If business is humming along splendidly, and customers are flocking to your services or products like crazy, then chances are (congratulations), you’ve nailed your unique value proposition. But if you’re having trouble creating interest for your brand, then it may be time to take a closer look at what you have to offer and how you’re offering it. There is plenty of advice around the web on how to do just that; here are a few points that may be especially helpful.

A value proposition answers the question: What is it about what your company that makes it special and essential—and to whom and at what price? As Michael Porter, director of the Institute for Strategy & Competitiveness at Harvard Business School, notes about strategy, it’s useful to think of the value proposition as a triangle with points asking three specific questions: “What customers,” “Which needs,” and “What relative price.”

In business as in life, you can’t make all people happy all of the time, so a value proposition needs to zero in on exactly whose lives you’ll have the unique ability to improve (while, of course, also making sure that this segment of customers is large enough to sustain your business). Spreading the word about your company offerings should take into account not just people who will be directly using your product but those involved in deciding to purchase this product.

As for needs, this is often the most compelling reason for building your company—and, in turn, the most compelling reason why consumers will flock to it. As Ann Miura Ko, partner of the venture capitalist firm Floodgate and a Stanford University lecturer put it, to build a strong value proposition, you need to ask yourself: “What insight do I have that is not yet conventional wisdom?” Know how and why your service or product is a better option than that of your competitors (if there are any) for the customers you’re targeting.

Michael Skok, a venture capitalist and founder of Startup Secrets, which runs workshops to help entrepreneurs, writes in Forbes.com that the best business opportunity arises when this need stems from a problem that is “unworkable, unavoidable, urgent, and undeserved” if it weren’t for the existence of your company.  He also adds that if yours is a B2B shop, it’s smart to zero in on problems that are “blatant and critical.” That’s because a business’s survival (and a person’s reputation and job) depends on your service or product.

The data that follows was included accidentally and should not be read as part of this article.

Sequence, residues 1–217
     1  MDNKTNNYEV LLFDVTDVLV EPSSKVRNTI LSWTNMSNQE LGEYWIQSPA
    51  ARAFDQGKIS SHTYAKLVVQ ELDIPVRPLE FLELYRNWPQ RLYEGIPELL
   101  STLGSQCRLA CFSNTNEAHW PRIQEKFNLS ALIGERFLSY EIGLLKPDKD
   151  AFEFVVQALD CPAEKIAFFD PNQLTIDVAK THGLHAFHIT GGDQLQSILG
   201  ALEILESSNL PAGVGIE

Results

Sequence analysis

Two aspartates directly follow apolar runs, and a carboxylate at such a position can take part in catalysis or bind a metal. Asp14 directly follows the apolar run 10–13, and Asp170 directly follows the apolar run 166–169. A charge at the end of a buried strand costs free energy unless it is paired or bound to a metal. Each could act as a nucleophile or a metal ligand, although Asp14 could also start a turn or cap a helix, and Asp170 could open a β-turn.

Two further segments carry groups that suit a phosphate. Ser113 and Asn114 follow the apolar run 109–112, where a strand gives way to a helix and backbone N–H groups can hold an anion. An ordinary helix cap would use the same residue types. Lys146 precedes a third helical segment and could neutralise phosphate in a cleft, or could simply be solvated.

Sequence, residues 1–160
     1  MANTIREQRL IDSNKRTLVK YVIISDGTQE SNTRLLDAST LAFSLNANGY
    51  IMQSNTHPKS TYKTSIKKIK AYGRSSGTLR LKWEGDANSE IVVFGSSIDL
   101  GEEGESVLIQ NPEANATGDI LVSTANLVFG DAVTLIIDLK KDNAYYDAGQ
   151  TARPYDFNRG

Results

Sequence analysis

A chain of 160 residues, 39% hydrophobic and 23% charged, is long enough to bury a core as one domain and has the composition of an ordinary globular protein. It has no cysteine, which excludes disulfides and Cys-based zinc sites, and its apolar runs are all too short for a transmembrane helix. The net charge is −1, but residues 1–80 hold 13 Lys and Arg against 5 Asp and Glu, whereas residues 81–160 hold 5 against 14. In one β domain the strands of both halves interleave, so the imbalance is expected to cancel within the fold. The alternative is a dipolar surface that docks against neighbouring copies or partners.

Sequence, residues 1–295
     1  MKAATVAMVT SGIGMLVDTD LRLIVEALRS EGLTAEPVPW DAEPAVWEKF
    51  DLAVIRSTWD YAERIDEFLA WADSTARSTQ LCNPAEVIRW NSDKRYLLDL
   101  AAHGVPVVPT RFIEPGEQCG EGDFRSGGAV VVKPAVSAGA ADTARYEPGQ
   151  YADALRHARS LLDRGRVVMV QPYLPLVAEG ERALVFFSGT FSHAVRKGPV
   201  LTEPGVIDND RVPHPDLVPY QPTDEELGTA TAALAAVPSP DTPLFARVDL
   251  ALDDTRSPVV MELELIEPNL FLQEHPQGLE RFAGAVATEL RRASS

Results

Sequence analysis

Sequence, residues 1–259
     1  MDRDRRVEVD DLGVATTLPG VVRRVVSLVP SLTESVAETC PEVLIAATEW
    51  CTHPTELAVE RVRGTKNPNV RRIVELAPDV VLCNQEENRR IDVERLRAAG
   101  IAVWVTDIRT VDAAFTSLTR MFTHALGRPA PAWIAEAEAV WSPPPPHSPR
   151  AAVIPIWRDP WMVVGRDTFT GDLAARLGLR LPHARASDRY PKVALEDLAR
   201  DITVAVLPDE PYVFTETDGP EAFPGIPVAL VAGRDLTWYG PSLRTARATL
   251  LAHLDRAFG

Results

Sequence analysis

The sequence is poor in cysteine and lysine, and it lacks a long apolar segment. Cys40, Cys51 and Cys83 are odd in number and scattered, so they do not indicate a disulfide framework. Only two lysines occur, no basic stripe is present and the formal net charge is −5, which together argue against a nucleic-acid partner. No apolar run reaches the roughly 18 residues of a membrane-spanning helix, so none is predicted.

Some problems are “latent”—which means customers don’t know they exist yet—as well as “aspirational,” which Skok describes as  “optional.” While they certainly can be a great business opportunity (see Apple’s tablet or even Instagram), these ventures may be a tough bet, especially from a B-to-B standpoint.

Anthony Tjan, founder of the venture capital firm Cue Ball, writes in Harvard Business Review that “there are only four types of consumer benefits that matter—and by extension—only four categories of value propositions that work. This includes “best quality, best bang for your buck, luxury and aspiration, and must-have”—each of which is more nuanced than you’d think. A best-quality product isn’t necessarily the most expensive, but they tend to be among the most respected; think of L.L. Bean backpacks or Crayola crayons. “Best bang for your buck” isn’t necessarily cheap, but a good price for what you get—like IKEA or Jet Blue. “Luxury and aspiration” refer to the Hermes and Mercedes Benzes of the world. And “must-have” includes the things certain segments of the population can’t live without (for instance, the Bloomberg Terminal for those in the financial services sector). If none of these sound familiar, then Tjian advises, “figure out how to reposition your offering.”

Whatever your angle, test it. Ask potential customers, what would it take to make this compelling for them? What price would be appealing? (Then ask yourself, would the fixes be doable on your end? Would you still be able to turn a profit?) A unique value proposition requires considerable thought, but once you have it just right, your company is much likelier to thrive.